Kate Lee is examining how planted ‘green’ roofs can boost wellbeing and improve workplace productivity.
Viewing nature can improve concentration and mood, and may even boost productivity. As city populations and density increase, green roofs are likely to become important sources of green views for city employees spending long hours at work and experiencing high levels of stress. My research explores how green roof views can refresh concentration, often drained through overwork, and boost mood and performance.
My research highlights important considerations for green roof construction and design: incorporating plants which people like looking at means that these green roofs are more likely to boost concentration, mood, and performance. Quantifying these benefits means that we can better understand their influence on employee wellbeing and productivity. This has implications for healthy and supportive workplace design, and for promoting more sustainable and liveable cities.
Research Areas: Environmental Psychology, Industrial & Organizational Psychology, Cognitive Psychology, Urban Horticulture, Urban Design.
Williams, N. S. G., Rayner, J. P., Lee, K. E., Fletcher, T. D., Chen, D., Szota, C., & Farrell, C. (2016). Developing Australian green roofs: overview of a 5-year research program. Acta Hortic. 1108, 345-352.
Lee, K.E., Williams, K.J.H., Sargent, L.D., Williams, N.S.W., & Johnson, K.A. (2015). 40-second green roof views sustain attention: The role of micro-breaks in attention restoration. Journal of Environmental Psychology, 42, 182–189.
Lee, K.E., Williams, K.J.H., Sargent, L.D., Farrell, C., & Williams, N.S.W. (2014). Living roof preference is influenced by plant characteristics and diversity. Landscape and Urban Planning, 122, 152-159.
“The role of individual differences in performance outcomes of green micro-breaks“. 24th International Association People-Environment Studies Conference (2016).
“Green micro-breaks boost performance: The role of tension and task proficiency“. 29th Conference of the Australian and New Zealand Academy of Management (2015).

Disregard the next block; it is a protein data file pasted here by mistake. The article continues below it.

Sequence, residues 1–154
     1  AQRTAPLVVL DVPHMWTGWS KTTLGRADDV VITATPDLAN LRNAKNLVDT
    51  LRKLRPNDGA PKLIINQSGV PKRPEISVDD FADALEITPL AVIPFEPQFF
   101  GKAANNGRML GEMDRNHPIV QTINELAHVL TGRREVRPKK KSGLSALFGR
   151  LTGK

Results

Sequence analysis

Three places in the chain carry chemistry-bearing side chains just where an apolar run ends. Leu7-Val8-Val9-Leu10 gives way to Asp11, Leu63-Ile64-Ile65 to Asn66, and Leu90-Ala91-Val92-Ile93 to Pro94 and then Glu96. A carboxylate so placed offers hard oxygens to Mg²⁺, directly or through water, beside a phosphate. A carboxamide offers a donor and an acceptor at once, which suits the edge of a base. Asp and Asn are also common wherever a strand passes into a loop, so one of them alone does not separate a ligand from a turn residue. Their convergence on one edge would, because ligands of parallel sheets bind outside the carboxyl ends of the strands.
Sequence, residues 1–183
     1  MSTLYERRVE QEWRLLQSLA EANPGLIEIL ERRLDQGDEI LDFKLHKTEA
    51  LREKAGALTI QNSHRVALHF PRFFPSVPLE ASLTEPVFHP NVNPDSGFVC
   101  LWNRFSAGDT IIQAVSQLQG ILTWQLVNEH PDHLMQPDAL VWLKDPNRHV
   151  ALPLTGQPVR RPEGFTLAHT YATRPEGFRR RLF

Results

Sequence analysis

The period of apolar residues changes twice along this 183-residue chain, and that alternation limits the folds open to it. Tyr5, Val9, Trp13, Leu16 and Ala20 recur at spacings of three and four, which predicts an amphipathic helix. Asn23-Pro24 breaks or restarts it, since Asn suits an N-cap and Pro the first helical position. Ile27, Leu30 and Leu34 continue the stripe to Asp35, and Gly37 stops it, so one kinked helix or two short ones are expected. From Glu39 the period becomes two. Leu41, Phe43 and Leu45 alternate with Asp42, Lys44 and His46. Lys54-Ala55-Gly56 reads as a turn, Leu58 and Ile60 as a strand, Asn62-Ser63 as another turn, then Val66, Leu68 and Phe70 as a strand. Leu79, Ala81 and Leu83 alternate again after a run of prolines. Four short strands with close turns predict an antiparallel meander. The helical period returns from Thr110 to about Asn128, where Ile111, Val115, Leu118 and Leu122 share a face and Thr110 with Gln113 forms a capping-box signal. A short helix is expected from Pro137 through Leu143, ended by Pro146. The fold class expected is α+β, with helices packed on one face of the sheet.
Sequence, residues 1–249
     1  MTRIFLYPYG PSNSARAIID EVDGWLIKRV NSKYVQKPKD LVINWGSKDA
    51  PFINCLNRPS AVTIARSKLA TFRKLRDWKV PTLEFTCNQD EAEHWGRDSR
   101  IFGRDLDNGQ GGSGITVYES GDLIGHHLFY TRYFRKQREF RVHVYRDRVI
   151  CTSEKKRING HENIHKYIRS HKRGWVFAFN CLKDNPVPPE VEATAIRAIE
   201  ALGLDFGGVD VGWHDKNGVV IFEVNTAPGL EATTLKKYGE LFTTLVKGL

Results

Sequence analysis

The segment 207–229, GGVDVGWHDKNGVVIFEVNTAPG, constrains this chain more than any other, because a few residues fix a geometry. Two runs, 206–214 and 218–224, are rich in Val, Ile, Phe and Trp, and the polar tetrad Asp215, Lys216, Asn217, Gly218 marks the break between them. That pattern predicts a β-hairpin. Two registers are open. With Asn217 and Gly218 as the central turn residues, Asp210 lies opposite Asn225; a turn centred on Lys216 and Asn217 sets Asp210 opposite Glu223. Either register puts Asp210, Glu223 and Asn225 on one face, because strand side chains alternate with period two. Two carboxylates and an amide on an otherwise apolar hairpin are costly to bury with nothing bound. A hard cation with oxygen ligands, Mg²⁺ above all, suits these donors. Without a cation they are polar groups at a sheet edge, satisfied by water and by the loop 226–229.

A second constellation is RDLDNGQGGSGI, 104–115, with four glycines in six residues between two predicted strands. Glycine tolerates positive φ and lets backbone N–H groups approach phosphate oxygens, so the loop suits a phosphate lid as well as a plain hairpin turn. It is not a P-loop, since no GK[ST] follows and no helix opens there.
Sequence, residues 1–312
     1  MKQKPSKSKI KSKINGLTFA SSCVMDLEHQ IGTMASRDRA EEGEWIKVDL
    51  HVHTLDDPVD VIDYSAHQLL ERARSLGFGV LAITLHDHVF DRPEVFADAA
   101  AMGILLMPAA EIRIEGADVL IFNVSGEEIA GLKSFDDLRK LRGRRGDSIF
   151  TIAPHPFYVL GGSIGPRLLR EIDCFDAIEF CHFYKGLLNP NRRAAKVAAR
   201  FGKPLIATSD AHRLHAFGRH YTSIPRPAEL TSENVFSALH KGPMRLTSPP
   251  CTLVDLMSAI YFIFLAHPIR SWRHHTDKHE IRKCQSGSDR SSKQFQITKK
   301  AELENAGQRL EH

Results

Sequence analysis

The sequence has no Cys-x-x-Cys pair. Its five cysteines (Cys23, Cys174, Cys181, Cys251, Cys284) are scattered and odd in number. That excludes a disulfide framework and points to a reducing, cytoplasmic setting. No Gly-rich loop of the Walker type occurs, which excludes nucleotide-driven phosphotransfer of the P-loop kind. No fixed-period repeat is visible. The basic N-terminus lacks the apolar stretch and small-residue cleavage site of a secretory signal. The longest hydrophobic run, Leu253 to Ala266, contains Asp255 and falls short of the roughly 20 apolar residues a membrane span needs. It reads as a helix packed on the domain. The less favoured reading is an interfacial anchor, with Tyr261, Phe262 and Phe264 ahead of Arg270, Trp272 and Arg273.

“Restorative views of city green roofs boost attention, and influence recovery, mood and performance“. International Congress of Applied Psychology (2014).
“Designing Highly Preferred Living Roofs: The Importance of Vegetation Characteristics and Diversity“. American Psychological Association Convention (2013).
“Social Dimensions of Living Roofs“. Green Roofs Australasia Conference (2012).
Best Paper Award- Organisational Behaviour Stream: “Green micro-breaks boost performance: The role of tension and task proficiency“. 29th Conference of the Australian and New Zealand Academy of Management (2015).
Best conference presentation: “Restorative views of city green roofs boost attention, and influence recovery, mood and performance“. International Congress of Applied Psychology, PhD student, Division 4- environmental psychology (2014).
Cassandra McLean Memorial Studentship. Awarded by the Cybec Foundation (2010-13).
“Social Networks and Urban Green Spaces”. Research funding awarded by the Melbourne Networked Society Institute (2016-2017).
“City green roof views boost attention”. Seed funding awarded by the Melbourne Sustainable Society Institute (2014-2015).
Frank Keenan Trust. Awarded by the University of Melbourne (2012-2014).
Melbourne Abroad Travelling Scholarship. Awarded by the University of Melbourne (2013).
“Does viewing living roofs improve performance?” Research funding awarded by National Garden Industry Australia (2012-2013).
Contact Kate Phone: +61 3 9035 6827 e-mail: firstname.lastname@example.org